Of straw men and arguments
George Will makes an interesting assertion in opposition to Elizabeth Warren's famous YouTube talk to a group of supporters:
Warren is (as William F. Buckley described Harvard economist John Kenneth Galbraith) a pyromaniac in a field of straw men: She refutes propositions no one asserts.
Let's look first at exactly what a straw man argument is. G.W. Bush was famous for using them. Bush would address and “refute” arguments that no one was making in the first place. Bush tackled the question that perhaps the Iraq War was making terrorism wordwide worse. There was strong evidence for this, as terrorist incidents worldwide shot up enormously after the Iraq War was launched. But Bush spent his answer insisting that US interests were attacked before the Iraq War was launched. That's all very fine and well and entirely true, but that didn't address the essential criticism, that the Iraq War increased terrorism.
Have right-wingers asserted the opposite of what Warren asserts, that when they build factories and turn out products, that they owe their success entirely to themselves? As a matter of fact, some commenters quoted by the right wing Instapundit do exactly that:
you hired workers the rest of us paid to educate; No, you did not educate them. You babysat them for 12 years. Then I hired them, taught them how to be responsible and show up for work, taught them how to communicate in clear sentences, taught them that there are rights and wrongs and (unlike with your schools) wrongs have consequences in the workplace. Then paid for extended education for my employees so they could continue to improve themselves and better add value to what we do around here.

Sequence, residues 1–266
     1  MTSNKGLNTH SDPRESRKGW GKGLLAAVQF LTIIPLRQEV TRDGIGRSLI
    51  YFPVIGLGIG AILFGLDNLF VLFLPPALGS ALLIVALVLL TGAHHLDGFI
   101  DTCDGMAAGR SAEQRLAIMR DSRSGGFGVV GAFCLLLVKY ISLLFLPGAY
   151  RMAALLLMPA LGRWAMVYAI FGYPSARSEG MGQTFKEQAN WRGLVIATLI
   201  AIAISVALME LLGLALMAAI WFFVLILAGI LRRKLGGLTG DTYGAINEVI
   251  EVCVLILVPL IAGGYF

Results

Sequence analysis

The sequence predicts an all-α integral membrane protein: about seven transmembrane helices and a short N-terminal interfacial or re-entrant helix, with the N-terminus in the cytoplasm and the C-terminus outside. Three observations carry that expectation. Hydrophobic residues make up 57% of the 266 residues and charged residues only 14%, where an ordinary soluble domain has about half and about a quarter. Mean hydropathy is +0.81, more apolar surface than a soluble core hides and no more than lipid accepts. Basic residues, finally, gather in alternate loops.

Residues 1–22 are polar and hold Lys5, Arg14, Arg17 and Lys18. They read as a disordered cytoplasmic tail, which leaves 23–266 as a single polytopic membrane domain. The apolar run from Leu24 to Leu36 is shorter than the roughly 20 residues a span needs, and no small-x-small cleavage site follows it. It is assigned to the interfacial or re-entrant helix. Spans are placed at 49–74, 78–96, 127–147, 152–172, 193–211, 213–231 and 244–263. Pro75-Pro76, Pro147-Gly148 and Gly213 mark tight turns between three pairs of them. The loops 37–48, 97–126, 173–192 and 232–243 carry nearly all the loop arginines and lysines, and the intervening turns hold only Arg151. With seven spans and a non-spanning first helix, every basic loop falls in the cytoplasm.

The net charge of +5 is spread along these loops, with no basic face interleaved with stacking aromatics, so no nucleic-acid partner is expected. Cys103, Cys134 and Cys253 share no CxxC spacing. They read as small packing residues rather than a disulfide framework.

No, sorry, but when Warren's argument is met head-on and addressed directly by critics, it's not a straw man argument! George Will adds an interesting paragraph:
The collectivist agenda is antithetical to America’s premise, which is: Government — including such public goods as roads, schools and police — is instituted to facilitate individual striving, a.k.a. the pursuit of happiness. The fact that collective choices facilitate this striving does not compel the conclusion that the collectivity (Warren’s “the rest of us”) is entitled to take as much as it pleases of the results of the striving. [emphasis in original]
Of course, Will completely fails to tell us how on Earth government is supposed to “facilitate individual striving” without taking “ as much as it pleases of the results of the striving.” Government is supposed to build useful things for us for free? Sure, I'll go along with Wills' statement near the end of his piece:
Society — hundreds of millions of people making billions of decisions daily — is a marvel of spontaneous order among individuals in voluntary cooperation.
But where is society supposed to get the money to produce “such public goods as roads, schools and police” if society cannot “take as much as it pleases of the results of the striving”? The airy-fairy philosophy of Will falls apart on the practical question of “Where are we supposed to get the money to pay for all of this?”